Since taking on what I saw as a run-of-the-mill, nothing kind of job, I have been taken aback by the fascination friends, family and acquaintances have with the job. So, to the question I have encountered time and again: is working for UberEats worth it?
I have been working as an UberEats driver for 11 months, yet I still cannot answer that question with a simple ‘yes’ or ‘no’. The best response I have to date is that it is situational.
Relying on UberEats as your primary income source is dangerous. Orders are unpredictable on any given night, and when you finally think you’ve discovered a pattern when it will be busy (like me being convinced Friday nights are goldmines), you’ll earn $47 over a four-hour period and be questioning why you signed up at all.
I would recommend UberEats work for anyone in search of extra pocket money, or, like myself, university students, as there is such flexibility – working whenever you want – that makes it so appealing. (For reference, I work approximately five hours a day, six days a week – earning roughly $600 a week).
It is extremely simple work, requires no training, is completely stress-free, and honestly, can be kind of fun. That sounds ridiculous, I know. But you will encounter some wacky characters, rock out to music, podcasts and audio-books on your travels (this is essential if you want to maintain your sanity!) and take joy from bizarre orders (my personal favourite was an order for three onion rings valued at 75c).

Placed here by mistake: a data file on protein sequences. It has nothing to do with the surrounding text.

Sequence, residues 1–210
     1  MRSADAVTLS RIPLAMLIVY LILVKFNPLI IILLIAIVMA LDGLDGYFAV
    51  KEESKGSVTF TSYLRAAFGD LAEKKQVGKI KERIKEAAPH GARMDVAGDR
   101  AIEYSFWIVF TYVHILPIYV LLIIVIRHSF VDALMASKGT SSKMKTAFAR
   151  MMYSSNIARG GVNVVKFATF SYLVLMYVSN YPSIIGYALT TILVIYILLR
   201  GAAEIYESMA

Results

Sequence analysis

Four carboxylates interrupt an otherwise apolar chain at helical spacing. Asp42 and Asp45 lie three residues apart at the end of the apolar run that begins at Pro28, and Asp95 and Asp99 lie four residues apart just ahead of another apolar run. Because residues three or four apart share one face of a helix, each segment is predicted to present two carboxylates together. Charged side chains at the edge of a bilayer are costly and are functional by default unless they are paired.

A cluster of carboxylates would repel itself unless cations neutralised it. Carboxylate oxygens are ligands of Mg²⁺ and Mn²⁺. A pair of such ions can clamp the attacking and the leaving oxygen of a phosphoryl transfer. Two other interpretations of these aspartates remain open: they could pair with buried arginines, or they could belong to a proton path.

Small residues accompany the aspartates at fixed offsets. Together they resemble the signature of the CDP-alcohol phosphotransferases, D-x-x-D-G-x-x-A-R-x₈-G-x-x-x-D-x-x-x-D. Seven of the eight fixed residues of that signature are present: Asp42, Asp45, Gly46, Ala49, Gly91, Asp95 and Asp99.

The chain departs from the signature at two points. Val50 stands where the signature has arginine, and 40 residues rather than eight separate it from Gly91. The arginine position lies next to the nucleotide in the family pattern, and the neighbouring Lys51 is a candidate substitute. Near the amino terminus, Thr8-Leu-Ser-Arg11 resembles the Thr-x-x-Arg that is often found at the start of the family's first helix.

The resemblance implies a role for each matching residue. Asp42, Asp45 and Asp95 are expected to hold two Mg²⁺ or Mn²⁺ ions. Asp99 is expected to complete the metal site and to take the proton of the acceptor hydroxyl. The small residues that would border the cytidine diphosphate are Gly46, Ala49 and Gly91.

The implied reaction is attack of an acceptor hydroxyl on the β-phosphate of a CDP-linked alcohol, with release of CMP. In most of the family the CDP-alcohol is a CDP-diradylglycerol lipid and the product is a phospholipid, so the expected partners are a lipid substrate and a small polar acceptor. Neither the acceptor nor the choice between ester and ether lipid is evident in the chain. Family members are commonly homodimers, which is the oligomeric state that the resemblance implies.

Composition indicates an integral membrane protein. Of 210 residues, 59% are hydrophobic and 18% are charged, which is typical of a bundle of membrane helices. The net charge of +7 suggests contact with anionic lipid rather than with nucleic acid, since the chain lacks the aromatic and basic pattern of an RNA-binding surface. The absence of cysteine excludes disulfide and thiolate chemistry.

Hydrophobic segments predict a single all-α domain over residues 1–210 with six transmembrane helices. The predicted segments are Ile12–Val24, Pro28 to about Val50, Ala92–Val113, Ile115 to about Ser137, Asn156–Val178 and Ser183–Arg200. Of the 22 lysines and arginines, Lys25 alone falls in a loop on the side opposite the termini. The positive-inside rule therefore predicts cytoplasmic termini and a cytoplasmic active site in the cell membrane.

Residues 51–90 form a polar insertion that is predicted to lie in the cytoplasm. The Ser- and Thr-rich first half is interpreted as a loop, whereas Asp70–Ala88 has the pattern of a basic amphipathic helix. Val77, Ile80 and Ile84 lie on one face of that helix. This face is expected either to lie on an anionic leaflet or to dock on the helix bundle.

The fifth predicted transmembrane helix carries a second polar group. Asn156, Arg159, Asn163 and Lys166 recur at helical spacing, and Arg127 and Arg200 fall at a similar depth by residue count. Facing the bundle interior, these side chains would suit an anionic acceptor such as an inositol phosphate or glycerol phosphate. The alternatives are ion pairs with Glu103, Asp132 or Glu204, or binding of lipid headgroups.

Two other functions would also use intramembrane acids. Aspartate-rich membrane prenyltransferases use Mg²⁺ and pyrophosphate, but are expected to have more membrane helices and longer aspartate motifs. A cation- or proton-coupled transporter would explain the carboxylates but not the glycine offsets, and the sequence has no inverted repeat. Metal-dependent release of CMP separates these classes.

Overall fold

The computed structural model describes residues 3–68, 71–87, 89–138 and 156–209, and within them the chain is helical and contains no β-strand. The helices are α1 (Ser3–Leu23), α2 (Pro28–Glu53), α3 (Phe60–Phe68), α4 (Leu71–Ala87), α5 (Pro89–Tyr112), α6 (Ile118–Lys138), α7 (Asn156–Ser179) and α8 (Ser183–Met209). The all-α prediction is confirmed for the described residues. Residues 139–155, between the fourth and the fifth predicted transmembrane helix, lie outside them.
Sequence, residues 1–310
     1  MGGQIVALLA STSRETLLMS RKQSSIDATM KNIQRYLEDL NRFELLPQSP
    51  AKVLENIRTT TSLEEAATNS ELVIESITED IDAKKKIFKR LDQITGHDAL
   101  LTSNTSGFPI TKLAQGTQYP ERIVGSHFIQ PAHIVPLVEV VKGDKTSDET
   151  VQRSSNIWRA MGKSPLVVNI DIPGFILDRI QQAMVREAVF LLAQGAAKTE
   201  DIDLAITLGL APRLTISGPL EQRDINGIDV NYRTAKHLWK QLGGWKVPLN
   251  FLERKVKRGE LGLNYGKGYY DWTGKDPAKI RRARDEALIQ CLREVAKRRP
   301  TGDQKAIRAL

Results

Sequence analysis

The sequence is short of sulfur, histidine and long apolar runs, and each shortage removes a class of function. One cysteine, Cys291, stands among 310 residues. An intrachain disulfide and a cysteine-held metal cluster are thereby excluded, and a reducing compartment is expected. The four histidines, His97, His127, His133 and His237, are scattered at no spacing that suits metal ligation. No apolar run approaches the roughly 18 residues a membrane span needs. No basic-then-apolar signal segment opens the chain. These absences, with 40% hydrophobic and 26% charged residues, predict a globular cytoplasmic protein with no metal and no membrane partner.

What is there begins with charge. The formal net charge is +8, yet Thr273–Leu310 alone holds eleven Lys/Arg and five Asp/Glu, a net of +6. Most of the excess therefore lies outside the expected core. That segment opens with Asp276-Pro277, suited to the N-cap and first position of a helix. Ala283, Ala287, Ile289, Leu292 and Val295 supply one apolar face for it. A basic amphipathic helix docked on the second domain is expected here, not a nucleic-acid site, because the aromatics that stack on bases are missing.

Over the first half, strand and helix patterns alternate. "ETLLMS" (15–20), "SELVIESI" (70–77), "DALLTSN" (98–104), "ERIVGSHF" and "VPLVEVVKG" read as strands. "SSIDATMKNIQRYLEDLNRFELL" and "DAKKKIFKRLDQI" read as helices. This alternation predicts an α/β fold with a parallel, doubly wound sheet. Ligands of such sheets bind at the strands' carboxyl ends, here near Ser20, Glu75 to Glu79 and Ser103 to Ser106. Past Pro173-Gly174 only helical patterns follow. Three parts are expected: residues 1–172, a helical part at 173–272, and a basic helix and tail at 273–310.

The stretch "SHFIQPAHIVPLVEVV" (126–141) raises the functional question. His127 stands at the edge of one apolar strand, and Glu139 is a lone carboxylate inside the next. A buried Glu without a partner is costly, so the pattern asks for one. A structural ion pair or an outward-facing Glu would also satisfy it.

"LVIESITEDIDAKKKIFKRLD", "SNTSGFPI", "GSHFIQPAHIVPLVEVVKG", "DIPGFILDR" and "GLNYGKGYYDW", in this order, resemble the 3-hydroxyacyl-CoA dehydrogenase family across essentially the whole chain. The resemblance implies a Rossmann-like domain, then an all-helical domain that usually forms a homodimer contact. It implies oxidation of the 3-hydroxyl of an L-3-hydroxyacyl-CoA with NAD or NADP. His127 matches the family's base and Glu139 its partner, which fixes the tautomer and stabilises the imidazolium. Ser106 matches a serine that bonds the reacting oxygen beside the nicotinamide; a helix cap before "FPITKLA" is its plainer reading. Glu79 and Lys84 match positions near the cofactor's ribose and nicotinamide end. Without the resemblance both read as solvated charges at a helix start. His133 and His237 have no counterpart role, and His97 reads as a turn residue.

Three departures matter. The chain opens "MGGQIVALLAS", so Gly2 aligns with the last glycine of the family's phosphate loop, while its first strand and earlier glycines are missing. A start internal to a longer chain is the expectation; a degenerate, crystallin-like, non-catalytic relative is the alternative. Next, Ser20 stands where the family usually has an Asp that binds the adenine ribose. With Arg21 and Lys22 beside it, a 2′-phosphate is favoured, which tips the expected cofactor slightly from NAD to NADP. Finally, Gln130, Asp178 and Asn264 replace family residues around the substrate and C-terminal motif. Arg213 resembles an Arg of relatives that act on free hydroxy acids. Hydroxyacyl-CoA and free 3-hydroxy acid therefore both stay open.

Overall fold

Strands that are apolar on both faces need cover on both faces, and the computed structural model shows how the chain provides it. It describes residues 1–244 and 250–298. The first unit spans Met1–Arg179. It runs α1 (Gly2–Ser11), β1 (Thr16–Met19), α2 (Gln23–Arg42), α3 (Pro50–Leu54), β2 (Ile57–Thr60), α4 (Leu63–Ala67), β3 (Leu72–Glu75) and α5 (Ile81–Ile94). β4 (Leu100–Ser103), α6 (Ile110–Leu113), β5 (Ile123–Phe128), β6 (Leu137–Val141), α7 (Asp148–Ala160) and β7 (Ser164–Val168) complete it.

Though generally there is much less enthusiasm than seen in the clip above, there is no exaggeration on how smooth the delivery process is. I found in prior jobs that my mind was always fixated on the task at hand, whereas with UberEats, it is so easy that I have time to think for myself. Like, really think. Don’t underestimate the value of that, it is rarer than it sounds.
The biggest piece of advice I have for anyone starting out or considering it, is to find a decent sized area (perhaps within a 10-15km radius) with many partnered UberEats restaurants in the vicinity and stick to it. Time is your enemy. Orders are most prevalent during standard mealtimes (approximately 11am-2pm for lunch and 5.30pm-9pm for dinner) and you’ll strive to deliver as many orders as possible in that time-frame.
Learning the ins and outs of a specific area is crucial as you’ll soon learn which restaurants aren’t competent, where the best (sometimes hidden) car parks are, short-cuts that GPS doesn’t recognise, and so on. They say, ‘time is money’ and that couldn’t be truer in this industry.